The American International Group at its origins was linked to the OSS (Office of Strategic Services) the forerunner of the CIA. It grew from the Asia Life/C. V. Starr companies founded by Cornelius Starr who started his insurance empire in Shanghai in 1919, the first westerner to market insurance in China.

Some of the links between AIG and the CIA can take us to some pretty heady conspiracy territory, as in this link from a Ron Paul website:

Since 1997, Frank G. Wisner, Jr., has been a board member of Kroll , and is currently Greenberg’s Deputy Chairman for External Affairs. Wisner’s father was a founder of the U.S. Central Intelligence Agency, who killed himself over the scandal from his being duped by British-Soviet masterspy Kim Philby. Frank Wisner, Jr., is a director of the George Bush-linked energy giant Enron (a client for whom AIG negotiated payments from Peru over nationalization of Enron operations).

Of course, nothing in this quote above is wrong, but whether these dots connect or not is another matter. Still, the connections between AIG and U.S. government operations is a shadowy land that is worth investigating. Wisner, by the way, stepped left AIG late last year.

Michael Ruppert made an impressive case regarding the intelligence connections of AIG in an article back in 2001. He quotes a September 22, 2000 L.A. Times article by Mark Fritz, the text of which is worth considering as the AIG scandal unfolds.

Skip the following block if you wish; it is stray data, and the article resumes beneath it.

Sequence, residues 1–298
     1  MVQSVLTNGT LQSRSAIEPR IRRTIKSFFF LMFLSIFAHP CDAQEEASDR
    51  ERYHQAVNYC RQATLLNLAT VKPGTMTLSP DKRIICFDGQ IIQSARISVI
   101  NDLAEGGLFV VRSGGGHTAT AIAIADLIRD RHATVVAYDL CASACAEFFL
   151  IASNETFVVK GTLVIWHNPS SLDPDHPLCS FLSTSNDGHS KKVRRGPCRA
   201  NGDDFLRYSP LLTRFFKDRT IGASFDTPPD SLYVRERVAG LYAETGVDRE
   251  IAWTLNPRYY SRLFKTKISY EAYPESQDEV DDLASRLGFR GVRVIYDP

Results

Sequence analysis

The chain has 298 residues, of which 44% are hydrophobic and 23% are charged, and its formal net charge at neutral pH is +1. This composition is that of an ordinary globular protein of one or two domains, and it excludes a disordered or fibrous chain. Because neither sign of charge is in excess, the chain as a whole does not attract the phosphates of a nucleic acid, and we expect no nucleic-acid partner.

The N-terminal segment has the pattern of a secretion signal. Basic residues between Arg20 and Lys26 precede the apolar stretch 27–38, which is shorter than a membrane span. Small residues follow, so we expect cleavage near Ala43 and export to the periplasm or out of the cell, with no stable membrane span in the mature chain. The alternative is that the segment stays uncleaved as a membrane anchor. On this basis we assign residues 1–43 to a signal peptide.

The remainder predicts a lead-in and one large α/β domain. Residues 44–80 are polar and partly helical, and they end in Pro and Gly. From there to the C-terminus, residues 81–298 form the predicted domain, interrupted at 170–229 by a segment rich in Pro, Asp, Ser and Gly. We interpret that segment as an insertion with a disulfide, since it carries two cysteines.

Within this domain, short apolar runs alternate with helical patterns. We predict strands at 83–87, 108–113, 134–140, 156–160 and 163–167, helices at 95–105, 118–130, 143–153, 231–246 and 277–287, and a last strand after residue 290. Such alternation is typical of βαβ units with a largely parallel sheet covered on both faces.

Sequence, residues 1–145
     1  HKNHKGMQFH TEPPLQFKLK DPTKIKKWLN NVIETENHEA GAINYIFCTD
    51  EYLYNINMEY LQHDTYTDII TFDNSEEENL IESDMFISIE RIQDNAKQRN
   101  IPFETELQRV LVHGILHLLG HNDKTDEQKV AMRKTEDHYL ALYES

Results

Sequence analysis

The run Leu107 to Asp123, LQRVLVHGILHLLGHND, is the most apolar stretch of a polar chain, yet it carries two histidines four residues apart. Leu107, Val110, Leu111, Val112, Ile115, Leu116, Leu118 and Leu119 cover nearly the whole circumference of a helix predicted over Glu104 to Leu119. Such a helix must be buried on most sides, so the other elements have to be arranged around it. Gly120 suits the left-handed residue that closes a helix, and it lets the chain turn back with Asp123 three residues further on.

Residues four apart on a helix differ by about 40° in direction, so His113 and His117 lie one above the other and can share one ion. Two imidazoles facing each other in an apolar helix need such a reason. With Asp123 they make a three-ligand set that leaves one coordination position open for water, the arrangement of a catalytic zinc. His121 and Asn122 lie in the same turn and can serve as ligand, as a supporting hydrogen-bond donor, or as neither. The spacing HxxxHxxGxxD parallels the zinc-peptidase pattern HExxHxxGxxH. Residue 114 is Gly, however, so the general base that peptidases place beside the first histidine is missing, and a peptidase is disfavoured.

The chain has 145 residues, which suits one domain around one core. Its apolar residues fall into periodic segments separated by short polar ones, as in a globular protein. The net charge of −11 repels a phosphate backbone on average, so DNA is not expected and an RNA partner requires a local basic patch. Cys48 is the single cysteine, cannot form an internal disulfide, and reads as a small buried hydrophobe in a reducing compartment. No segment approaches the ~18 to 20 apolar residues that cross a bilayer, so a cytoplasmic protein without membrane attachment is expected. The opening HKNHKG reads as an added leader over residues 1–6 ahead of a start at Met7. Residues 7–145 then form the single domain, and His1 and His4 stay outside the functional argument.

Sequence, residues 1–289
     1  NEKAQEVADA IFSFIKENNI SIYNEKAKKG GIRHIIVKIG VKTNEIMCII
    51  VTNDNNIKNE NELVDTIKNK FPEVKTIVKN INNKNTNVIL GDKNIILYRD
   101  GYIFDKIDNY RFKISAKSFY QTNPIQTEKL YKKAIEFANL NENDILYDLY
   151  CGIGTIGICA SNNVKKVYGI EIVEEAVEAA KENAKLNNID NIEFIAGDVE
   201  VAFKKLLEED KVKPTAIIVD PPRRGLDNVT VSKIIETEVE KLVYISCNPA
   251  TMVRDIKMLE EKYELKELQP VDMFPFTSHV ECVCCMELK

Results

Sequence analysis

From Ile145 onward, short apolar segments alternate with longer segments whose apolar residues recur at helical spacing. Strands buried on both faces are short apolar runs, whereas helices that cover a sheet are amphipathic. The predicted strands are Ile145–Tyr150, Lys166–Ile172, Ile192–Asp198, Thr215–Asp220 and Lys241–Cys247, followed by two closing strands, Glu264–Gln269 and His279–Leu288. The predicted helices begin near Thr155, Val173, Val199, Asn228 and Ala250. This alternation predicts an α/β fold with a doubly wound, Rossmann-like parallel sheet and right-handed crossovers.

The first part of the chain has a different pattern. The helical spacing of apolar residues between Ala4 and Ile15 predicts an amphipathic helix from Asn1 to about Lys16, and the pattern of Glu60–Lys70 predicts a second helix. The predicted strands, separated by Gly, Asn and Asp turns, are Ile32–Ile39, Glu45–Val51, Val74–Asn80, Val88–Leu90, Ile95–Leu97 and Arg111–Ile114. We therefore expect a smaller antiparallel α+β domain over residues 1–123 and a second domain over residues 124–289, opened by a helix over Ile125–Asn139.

Newly declassified U.S. intelligence files tell the remarkable story of the ultra-secret Insurance Intelligence Unit, a component of the Office of Strategic Services, a forerunner of the CIA, and its elite counterintelligence branch X-2.

Though rarely numbering more than a half dozen agents, the unit gathered intelligence on the enemy’s insurance industry, Nazi insurance titans and suspected collaborators in the insurance business. But, more significantly, the unit mined standard insurance records for blueprints of bomb plants, timetables of tide changes and thousands of other details about targets, from a brewery in Bangkok to a candy company in Bergedorf.

“They used insurance information as a weapon of war,” said Greg Bradsher, a historian and National Archives expert on the declassified records….

The men behind the insurance unit were OSS head William “Wild Bill” Donovan and California-born insurance magnate Cornelius V. Starr.